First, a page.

These new disclosures have added additional risks for operational compliance, as well as a need to centralize such information. Some multinationals (MNEs) have placed this compliance responsibility with a local / regional team for efficiencies. However, this new reporting trend will require closer coordination of headquarters that has relevant knowledge of the global ownership of IP and legal structures.
Answers to these dislosure questions will pose new audit risks as tax administrations will make further inquiries and/or initiate an audit to assess potentially high risk transactions. This emphasis will include a vigorous challenge to treaty based positions with holding companies, including any general anti-avoidance or anti-abuse rules within the treaty or domestic legislation.
Additionally, audit queries based upon global disclosures will require seamless coordination with headquarters or the individuals possessing this information. Therefore, audit teams and ways of working will need to be strategized for information that is not generally retained by the local business team.
MNEs should monitor new disclosures and ensure there is an efficient governance process to accurately address the BEPS incentivized queries. This may involve a shift in responsibilities within the transfer pricing documentation process.
The post BEPS era signifies a new way of thinking, including the respective documentation responsibilities and structure of an internal transfer pricing team.
The Chilean Internal Revenue Service has implemented a 24 question disclosure based on BEPS, although going farther than the OECD’s Actions. EY’s Global Tax Alert is provided for reference:
Percentage of related party revenues
EBITDA percentage of related party expenses
Foreign related parties with no staff or relevant assets, and identify those which participated in intercompany transactions
Corporate reorganizations, transfer of functions involving foreign companies.
Taxpayers listed in the Large Business Division (Grande Contribuyente) must file SS No. 1913, as well as those considered large companies by the Chilean IRS. SS No. 1913 must be filed annually from 2016 onwards before filing the corporate return (Form 22), which is due in April.
A careful reading of the new disclosures should be undertaken by those having Chilean operations; this is also a trend that will probably develop in other countries.
Country-by-country (CbC) reporting, effective for the 2016 tax year, for French based MNE’s and other companies not subject to a CbC requirement. (Note for US MNE’s: under the proposed Regulations, this would require CbC reporting in France, and other countries, for 2016 whereas the 2017 tax year would be reported to the IRS in the US)
Penalty up to EUR 100k if a CbC report is not filed.
In addition to current French regulations for transfer pricing information, a new requirement has been added: Identification of jurisdictions where intra-group transactions are conducted or where group members own intangible assets.
The 10.7% exceptional contribution on corporate income tax has not been extended, thereby lowering the total effective tax rate. Calendar year taxpayers will not be subject to this charge for 2016.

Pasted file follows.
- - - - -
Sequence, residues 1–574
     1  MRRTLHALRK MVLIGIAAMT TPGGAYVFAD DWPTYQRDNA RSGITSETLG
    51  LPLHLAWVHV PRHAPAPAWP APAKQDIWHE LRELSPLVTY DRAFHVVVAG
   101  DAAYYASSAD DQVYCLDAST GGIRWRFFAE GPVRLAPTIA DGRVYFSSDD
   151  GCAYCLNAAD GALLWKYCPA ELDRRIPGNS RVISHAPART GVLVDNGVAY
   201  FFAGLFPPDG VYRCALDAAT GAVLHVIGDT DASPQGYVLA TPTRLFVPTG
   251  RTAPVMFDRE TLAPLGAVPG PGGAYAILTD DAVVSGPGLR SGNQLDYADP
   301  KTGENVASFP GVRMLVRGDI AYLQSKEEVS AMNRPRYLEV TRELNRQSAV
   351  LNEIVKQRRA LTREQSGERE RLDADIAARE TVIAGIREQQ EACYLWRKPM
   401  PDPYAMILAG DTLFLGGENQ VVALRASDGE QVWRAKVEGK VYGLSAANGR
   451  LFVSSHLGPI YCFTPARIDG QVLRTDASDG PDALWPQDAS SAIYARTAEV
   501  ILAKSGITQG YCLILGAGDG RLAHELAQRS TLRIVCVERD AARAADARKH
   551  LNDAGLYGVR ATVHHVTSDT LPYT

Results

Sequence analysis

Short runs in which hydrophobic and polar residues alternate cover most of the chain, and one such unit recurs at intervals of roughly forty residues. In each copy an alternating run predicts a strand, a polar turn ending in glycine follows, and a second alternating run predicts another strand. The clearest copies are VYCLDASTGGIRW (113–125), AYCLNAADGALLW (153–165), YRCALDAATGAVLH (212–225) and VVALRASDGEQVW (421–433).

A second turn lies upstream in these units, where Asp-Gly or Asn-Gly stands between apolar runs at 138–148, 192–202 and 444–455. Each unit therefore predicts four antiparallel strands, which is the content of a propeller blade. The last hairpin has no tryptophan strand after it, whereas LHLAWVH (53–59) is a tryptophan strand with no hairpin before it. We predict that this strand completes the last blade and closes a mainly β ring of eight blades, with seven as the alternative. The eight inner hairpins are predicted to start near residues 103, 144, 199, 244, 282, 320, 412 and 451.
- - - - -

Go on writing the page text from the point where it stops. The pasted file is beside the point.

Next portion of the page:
Dividend distributions commencing in 2016 within a French fiscal group, or from an EU member, is subject to a 1% (vs. 5%) income inclusion, to bring its legislation into compliance with European law.
The EU Parent-Subsidiary Directive’s provisions are adopted: Anti-abuse de minimis clause including a “main purpose” or “one of the main purposes” test. Additionally, “an arrangement or a series of arrangements shall be regarded as not genuine to the extent that they are not put into place for valid commercial reasons which reflect economic reality.”
An advisory committee for the research tax cried and innovation tax credit has been created.
The new legislation highlights new trends that may be followed by other countries:
Significant penalties for non-filing of required CbC reports.
Additional subjectivity for anti-abuse provisions.
Legislation that has been adopted to conform with the European Court of Justice determinations.
Additional information reporting, including a focus on IP ownership.
All MNE’s should review these new provisions with a global perspective, not only with respect to companies operating in France.
The timing for implementation of country-by-country (CbC) reporting for non-US jurisdictions is of significant importance to US multinationals, due to the wording of the Proposed Regulations (23 Dec 2015 post).
The Proposed Regulations would require CbC reporting by US MNE’s starting in 2017, thereby not having such requirement in 2016. If there are no changes in the Final Regulations, US MNE’s will be required to submit CBC reports in many jurisdictions around the world. Some countries, such as Mexico, that aim to provide additional reporting items beyond the OECD model would present additional complications for a US MNE. Contemporaneous deadlines will also have to be met, that are prior to the US deadline.
Additionally, if an election provision is adopted in the Final Regulations, this may not solve the dilemma, as many countries are drafting legislation providing that if the parent jurisdiction does not require CbC reporting, then a separate CbC report has to be filed in their local jurisdiction. A literal reading of such language would result in a required domestic filing, as an election is not a “per se” requirement.
Similar complications will arise in countries that do not adopt CbC reporting for the tax year 2016.
Monitoring of the timing implications for CbC reporting should be a high priority to be addressed currently, with timelines established for the preparation of back-up reporting plans around the world.